22 June 2011

Bugging Me

Montreal Kids
It is quite extraordinary really. I just can't seem to get Montreal out of my head.

I've traveled the world, living in 10-odd countries and visiting quite a few others. There are many places I love and I always love to return to Copenhagen. There are other places I'd like to live, sure, but coming back home is always a pleasure.

I can visit other cities like Amsterdam or Paris or Barcelona - or other cities on an equal footing - and feel at home there.

What is it, then, about Montreal that is so fascinating? What is it that makes the city so damned liveable? Fair enough, I'm mostly talking about the Plateau and neighbourhoods like Mile End, but it is really quite extraordinary how the streets are alive.

This time upon returning to Copenhagen I'm looking around the city and seeing it quite differently. It seems somehow dead. Quite an epiphany, as you could well imagine. There are many aspects of life here that are wonderful and gorgeous and that I can't live without. The bicycle culture adds volume upon volume to the urban library and the neighourhoods are certainly liveable - some more than others. But the streets seem empty compared to Montreal. There, children hang out on the sidewalks, using the streets like they were meant to be used. The atmosphere is relaxed.

While in the city I tweeted things like "Montreal makes Berlin look like a gated community somewhere outside Phoenix". Berlin is the role model for so many cities and it is a fantastic place. But Montreal has something else.

The concept and definition of Copenhagenizing, relating to bicycle culture and traffic, is certainly something special and something worth exporting. It is something that would fit in well to Montreal.

But talking about 'Copenhagenizing' as some larger urban planning movement is not really something I subscribe to.

This city has many things to learn from other cities. Montreal, certainly. As well as Barcelona and Berlin and Amsterdam. Too many things to be set up on a pedestal for world-leading liveable streets. In the urban planning perspective, Copenhagen needs a great deal of copenhagenizing, instead of all this overrated urban planning focus on Danes waving their magical wands to transform other cities.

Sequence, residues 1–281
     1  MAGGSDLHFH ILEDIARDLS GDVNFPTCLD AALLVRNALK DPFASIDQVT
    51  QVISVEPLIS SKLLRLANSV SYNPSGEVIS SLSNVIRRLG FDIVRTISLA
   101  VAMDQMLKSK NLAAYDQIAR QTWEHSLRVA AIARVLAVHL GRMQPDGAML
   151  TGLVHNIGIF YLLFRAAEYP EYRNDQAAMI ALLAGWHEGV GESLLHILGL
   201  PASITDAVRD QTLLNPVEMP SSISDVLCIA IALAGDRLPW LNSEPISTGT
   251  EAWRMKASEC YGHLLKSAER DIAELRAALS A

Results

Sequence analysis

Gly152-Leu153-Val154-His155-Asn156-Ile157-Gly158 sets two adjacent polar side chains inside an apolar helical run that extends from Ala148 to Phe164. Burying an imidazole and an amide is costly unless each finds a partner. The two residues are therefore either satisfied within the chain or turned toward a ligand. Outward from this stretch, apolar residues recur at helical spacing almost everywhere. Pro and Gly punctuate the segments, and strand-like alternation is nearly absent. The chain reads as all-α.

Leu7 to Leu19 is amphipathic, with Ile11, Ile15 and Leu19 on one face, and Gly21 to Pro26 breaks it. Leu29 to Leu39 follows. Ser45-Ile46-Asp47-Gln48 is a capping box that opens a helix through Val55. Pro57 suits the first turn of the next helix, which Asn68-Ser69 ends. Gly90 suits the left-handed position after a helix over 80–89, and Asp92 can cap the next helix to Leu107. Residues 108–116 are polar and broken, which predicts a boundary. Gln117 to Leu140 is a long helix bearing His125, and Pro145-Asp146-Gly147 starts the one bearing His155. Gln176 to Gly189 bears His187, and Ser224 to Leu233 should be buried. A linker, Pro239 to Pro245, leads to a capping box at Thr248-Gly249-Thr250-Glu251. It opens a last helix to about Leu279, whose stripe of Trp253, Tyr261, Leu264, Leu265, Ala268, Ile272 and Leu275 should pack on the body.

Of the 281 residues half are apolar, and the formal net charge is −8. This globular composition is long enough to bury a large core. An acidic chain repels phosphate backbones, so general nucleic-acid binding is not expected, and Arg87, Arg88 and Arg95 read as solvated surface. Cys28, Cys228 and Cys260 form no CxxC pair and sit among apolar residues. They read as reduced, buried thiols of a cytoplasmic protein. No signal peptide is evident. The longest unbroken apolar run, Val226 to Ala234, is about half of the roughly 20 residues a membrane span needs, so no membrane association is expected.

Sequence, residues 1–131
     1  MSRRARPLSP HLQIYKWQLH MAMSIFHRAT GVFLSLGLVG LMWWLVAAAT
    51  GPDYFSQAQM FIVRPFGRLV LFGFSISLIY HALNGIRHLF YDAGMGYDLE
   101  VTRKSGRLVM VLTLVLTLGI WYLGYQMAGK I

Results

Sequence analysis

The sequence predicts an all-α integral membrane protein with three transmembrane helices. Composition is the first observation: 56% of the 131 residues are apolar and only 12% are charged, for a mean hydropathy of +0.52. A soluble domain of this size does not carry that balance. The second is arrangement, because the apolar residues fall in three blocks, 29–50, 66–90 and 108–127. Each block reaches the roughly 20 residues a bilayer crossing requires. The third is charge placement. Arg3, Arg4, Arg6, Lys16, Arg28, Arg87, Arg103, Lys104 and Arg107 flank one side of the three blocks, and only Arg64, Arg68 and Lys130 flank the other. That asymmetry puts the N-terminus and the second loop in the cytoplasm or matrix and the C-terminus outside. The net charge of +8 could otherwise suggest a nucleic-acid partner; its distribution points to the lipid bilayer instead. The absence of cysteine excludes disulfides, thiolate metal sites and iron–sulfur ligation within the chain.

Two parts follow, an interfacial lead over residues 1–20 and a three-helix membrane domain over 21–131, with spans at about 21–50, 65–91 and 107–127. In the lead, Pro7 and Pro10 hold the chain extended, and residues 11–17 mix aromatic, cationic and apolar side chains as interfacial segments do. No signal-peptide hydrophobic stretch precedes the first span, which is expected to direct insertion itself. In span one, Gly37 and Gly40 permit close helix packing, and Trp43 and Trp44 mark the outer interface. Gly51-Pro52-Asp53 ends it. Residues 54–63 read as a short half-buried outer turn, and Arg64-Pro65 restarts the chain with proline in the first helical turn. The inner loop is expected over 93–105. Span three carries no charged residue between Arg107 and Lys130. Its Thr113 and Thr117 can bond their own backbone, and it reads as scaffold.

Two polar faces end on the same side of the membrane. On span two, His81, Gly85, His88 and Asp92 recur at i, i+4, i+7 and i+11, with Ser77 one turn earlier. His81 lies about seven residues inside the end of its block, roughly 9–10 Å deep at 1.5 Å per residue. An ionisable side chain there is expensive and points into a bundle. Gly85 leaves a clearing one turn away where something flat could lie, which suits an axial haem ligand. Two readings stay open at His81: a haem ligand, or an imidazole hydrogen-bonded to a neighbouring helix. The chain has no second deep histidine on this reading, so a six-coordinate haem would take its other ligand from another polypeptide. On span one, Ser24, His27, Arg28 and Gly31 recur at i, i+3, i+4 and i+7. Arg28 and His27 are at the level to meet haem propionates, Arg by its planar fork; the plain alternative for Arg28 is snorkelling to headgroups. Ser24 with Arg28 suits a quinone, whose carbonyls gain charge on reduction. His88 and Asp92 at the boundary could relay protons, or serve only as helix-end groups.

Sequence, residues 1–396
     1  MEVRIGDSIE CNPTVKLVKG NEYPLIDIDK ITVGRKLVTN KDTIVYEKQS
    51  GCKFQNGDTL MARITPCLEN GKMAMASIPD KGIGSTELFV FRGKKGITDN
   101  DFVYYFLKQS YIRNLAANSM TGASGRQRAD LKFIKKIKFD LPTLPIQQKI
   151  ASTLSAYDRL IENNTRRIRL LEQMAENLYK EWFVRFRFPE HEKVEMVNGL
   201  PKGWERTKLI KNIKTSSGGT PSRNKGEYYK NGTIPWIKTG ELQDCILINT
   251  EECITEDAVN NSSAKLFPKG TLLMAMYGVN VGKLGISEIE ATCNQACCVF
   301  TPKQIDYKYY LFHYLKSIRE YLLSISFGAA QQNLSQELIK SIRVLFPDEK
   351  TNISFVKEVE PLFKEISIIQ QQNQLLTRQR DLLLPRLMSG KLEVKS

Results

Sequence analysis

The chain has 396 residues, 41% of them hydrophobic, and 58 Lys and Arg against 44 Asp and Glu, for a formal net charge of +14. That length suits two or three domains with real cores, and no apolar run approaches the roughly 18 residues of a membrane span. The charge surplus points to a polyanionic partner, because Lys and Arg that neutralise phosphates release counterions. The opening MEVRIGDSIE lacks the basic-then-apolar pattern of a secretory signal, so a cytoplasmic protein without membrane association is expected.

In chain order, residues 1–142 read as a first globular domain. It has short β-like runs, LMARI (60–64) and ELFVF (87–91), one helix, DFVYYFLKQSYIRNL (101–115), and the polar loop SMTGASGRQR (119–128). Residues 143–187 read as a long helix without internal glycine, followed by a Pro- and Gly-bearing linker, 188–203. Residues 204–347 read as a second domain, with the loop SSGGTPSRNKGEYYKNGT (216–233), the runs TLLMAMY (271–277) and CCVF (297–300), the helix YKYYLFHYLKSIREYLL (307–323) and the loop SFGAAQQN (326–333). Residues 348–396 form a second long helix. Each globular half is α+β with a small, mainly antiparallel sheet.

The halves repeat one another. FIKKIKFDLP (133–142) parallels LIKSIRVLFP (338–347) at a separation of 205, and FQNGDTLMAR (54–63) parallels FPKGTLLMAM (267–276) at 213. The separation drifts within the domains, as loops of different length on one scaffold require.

We can inspire Montreal bicycle-wise, absolutely, but Montreal could teach my city a great deal of things about making the city a nicer place to live.

It is still bugging me. Montreal is a riddle and one I wish to solve.

13 comments:

Jewish Cooking World said...

I am really impressed by your comment. I think it takes a lot of honesty to see the place you live in the light of another cities. I am afraid you need to know Montreal a little more, though. Look like you had a fatal case of "falling in love".
I like this blog very much. Thanks!

tj92 said...

It makes me proud to be Canadian! I've been to Montréal many times, but sometimes I forget to take part in the culture since well- It's pretty much the same where I live. I'm a country boy at heart, even though I live in the suburbs of a Canadian Maritime city.

Here in Fredericton, we have this mentality that Montréal is a rushed society, busy, congested. Ever since you started posting about Montréal, I've had a fascination of this old city's bicycle culture. The only thing stopping me from moving there is: the heat in the summer and my job! Plus, I'm trying to transform my current city :)